Then, the U.S. Supreme Court rejected the Sixth Circuit's reasoning and reversed its decision. The court held that "the central inquiry must be whether the claimant is unable to perform the variety of tasks central to most people's daily lives, not whether the claimant is unable to perform the tasks associated with her specific job."

The decision criticized the Sixth Circuit for treating as irrelevant evidence that Williams was able to perform household chores and tend to personal hygiene.

Elements of this ruling will impact future disability discrimination cases in several ways. First, the Supreme Court held the word "substantial" in the definition of disability "clearly precludes impairments that interfere in only a minor way with the performance of manual tasks from qualifying as disabilities," and noted the impairment's impact must be "permanent or long term."

Second, it stated the phrase "major life activities" means activities "of central importance to daily life." The court held these terms "need to be interpreted strictly to create a demanding standard for qualifying as disabled" to be faithful to Congressional intent regarding the appropriate reach of the ADA.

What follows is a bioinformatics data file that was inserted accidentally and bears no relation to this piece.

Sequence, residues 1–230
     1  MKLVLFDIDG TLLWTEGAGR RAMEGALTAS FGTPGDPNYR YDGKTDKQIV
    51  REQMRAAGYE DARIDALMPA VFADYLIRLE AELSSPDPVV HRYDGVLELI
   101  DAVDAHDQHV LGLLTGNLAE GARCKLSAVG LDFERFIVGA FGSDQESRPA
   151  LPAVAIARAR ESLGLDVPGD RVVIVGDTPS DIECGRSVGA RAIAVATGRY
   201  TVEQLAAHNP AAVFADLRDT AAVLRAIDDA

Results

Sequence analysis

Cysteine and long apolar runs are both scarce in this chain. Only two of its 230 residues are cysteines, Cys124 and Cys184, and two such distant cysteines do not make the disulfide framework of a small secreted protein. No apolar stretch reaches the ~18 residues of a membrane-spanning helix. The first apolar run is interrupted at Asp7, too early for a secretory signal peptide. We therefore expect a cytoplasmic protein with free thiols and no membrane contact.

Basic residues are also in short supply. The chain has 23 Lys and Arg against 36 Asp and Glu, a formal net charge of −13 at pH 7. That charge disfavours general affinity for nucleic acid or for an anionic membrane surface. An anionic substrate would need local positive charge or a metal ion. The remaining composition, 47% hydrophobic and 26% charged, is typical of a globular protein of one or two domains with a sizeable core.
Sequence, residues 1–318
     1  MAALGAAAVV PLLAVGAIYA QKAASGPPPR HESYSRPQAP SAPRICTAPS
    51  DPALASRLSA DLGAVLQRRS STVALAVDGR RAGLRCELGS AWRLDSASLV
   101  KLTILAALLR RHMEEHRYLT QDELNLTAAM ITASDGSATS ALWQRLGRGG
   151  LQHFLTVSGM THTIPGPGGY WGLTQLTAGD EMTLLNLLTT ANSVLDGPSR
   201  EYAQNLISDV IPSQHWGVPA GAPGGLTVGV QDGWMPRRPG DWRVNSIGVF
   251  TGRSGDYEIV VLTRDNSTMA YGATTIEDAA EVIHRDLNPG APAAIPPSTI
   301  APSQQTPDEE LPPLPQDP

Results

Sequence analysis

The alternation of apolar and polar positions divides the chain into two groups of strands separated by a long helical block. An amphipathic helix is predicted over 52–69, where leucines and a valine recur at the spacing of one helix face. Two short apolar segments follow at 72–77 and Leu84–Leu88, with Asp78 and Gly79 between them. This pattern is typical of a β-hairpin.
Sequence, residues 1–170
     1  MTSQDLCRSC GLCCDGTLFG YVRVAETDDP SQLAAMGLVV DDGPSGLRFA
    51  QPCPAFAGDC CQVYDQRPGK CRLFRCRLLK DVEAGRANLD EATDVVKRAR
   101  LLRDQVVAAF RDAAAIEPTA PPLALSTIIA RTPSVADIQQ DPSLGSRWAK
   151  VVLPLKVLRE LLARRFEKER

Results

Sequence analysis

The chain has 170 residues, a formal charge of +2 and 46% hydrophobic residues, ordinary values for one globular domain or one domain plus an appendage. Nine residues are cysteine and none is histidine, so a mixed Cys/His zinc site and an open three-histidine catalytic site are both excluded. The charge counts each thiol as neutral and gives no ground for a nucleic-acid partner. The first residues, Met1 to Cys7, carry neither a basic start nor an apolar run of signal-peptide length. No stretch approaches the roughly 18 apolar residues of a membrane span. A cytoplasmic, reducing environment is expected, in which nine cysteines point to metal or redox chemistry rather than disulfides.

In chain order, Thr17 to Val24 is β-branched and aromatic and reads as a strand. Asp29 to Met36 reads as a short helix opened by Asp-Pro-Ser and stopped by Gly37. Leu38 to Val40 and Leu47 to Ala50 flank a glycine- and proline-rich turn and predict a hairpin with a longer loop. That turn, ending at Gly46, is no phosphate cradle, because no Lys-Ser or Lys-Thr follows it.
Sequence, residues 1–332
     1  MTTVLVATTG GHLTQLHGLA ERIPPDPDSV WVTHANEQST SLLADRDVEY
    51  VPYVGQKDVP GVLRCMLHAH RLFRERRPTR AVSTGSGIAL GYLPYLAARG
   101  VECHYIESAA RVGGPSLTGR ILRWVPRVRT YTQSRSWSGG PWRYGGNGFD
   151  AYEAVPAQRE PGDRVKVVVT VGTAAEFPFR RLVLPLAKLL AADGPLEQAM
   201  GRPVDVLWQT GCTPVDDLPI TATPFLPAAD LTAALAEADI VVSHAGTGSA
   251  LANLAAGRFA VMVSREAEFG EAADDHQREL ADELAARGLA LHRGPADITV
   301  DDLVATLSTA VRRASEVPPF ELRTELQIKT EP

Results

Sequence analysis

In future ADA cases, it is likely courts will give heightened scrutiny to a plaintiff's claim of being disabled and therefore deserving of the protection of the ADA. The Supreme Court's rejection of the Sixth Circuit's broad standard will likely mean that claims in which the disability grows out of an inability to perform work-related tasks will be difficult to maintain. Robert Harris is a partner specializing in labor and employment law with the law firm of Vorys, Sater, Seymour and Pease LLP. He can be reached at the firm's Columbus office, (614) 464-6400, or visit

Thursday, 28 October 2004 20:00

Six for the road

Many things make businesses successful. Here are six strategies to consider.


The laminated tab story